• More selfie-friendly: Has an articulated screen that can be turned to be front-facing.
  • Easier time-lapse photography: Has an intervalometer built-in for low frequency shooting.
  • Easier travel charging: Can be conveniently charged via its USB port.
  • Better lighting: Features a hotshoe and can thus hold and trigger an external flash gun.
  • Easier wireless transfer: Supports Bluetooth for image sharing without cables.
  • Faster buffer clearing: Supports a more advanced SD data transfer standard (UHS-II vs UHS-I).
  • More modern: Reflects 4 years and 10 months of technical progress since the J4 launch.

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Arguments in favor of the Nikon 1 J4:

  • Maximized detail: Lacks an anti-alias filter to exploit the sensor's full resolution potential.
  • Faster burst: Shoots at higher frequency (60 vs 5 flaps/sec) to capture the decisive moment.
  • Less disturbing: Has an electronic shutter option for completely silent shooting.
  • More compact: Is smaller (100x60mm vs 133x85mm) and will fit more readily into a bag.
  • Less heavy: Has a lower weight (by 253g or 52 percent) and is thus easier to take along.
  • Longer lasting: Gets more shots (300 versus 250) out of a single battery charge.
  • Easier fill-in: Has a small integrated flash to brighten shadows of backlit subjects.
  • More affordable: Was introduced into a lower priced category (58 percent cheaper at launch).
  • More heavily discounted: Has been around for much longer (launched in April 2014).

If the count of individual advantages (bullet points above) is taken as a guide, the Canon RP is the clear winner of the match-up (17 : 9 points). However, the relative importance of the various individual camera aspects will vary according to personal preferences and needs, so that you might like to apply corresponding weights to the particular features before making a decision on a new camera. A professional sports photographer will view the differences between cameras in a way that diverges from the perspective of a street photog, and a person interested in family portraits has distinct needs from a landscape shooter. Hence, the decision which camera is best and worth buying is often a very personal one.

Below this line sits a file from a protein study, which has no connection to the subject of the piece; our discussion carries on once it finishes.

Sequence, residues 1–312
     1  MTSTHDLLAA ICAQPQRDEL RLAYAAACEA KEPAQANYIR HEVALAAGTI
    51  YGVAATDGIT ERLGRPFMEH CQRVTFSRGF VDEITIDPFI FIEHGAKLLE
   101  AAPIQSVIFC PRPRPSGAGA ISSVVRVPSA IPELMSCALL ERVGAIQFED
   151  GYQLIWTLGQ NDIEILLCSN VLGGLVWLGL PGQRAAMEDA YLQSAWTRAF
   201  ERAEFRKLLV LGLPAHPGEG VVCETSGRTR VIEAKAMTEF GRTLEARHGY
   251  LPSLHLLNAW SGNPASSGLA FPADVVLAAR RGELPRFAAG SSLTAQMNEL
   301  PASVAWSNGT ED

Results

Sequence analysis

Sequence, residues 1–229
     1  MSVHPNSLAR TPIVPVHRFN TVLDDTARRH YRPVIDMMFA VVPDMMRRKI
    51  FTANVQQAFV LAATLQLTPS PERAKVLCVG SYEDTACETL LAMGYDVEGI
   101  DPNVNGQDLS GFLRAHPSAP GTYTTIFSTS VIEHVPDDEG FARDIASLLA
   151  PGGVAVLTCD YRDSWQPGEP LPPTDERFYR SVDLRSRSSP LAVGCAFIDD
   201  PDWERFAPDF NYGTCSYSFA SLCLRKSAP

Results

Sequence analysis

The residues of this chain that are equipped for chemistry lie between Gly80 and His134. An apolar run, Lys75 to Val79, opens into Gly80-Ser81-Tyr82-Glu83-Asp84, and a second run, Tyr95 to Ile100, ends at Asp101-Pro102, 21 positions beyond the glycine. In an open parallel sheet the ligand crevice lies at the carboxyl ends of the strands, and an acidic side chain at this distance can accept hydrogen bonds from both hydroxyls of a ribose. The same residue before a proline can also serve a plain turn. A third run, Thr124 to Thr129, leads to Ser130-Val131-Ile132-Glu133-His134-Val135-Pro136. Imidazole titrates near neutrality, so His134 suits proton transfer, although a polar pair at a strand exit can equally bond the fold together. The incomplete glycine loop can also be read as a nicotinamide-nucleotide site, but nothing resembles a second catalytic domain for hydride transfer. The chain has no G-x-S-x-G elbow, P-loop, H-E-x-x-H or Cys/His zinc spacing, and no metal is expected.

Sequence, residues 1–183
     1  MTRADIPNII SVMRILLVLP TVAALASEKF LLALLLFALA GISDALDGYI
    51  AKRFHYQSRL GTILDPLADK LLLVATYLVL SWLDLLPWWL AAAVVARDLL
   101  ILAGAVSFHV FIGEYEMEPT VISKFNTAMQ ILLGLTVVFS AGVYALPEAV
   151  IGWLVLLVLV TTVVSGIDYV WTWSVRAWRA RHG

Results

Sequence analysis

Canon RP 17:09 J4

How about other alternatives? Do the specifications of the Canon RP and the Nikon 1 J4 place the cameras among the top in their class? Find out in the latest Best Mirrorless Interchangeable Lens Camera listing whether the two cameras rank among the cream of the crop.

In any case, while the comparison of the spec-sheets of cameras can offer a general idea of their imaging potential, it remains incomplete and does no justice, for example, to the way the Canon RP or the J4 perform in practice. At times, user reviews, such as those published at amazon, address these issues in a useful manner, but such feedback is on many occasions incomplete, inconsistent, and unreliable.

Expert reviews

This is where reviews by experts come in. The table below provides a synthesis of the camera assessments of some of the best known photo-gear review sites (cameralabs, dpreview, ephotozine, imaging-resource, and photographyblog). As can be seen, the professional reviewers agree in many cases on the quality of different cameras, but sometimes their assessments diverge, reinforcing the earlier point that a camera decision is often a very personal choice.

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Review Scores
  Camera
Model
camera
  labs  
dp
review  
ephoto
  zine  
imaging
resource
photography
  blog  
Camera
Launch
Launch
Price (USD)
Street
Price
 
Canon RP+..4.5/54.5/54/5 Feb 2019 1,299 i
 
Nikon 1 J4....4.5/5..4/5 Apr 2014 549i
 
Canon T8i+......3.5/5 Feb 2020 749 i
 
Canon SL3o79/1004/5..4/5 Apr 2019 599 i
 
Canon T7o..3.5/5..3.5/5 Feb 2018 449 i
 
Canon Ro79/1004.5/54/54/5 Sep 2018 2,299 i
 
Canon 77D..82/1004.5/54.5/54/5 Feb 2017 899 i
 
Canon SL2+ +78/1004.5/54.5/54.5/5 Jun 2017 549i
 
Canon T7i..80/1004.5/54/54/5 Feb 2017 749i
 
Canon M5+82/1004/54.5/54/5 Sep 2016 979 i
 
Canon G9 X+ +..4.5/54/54.5/5 Oct 2015 529i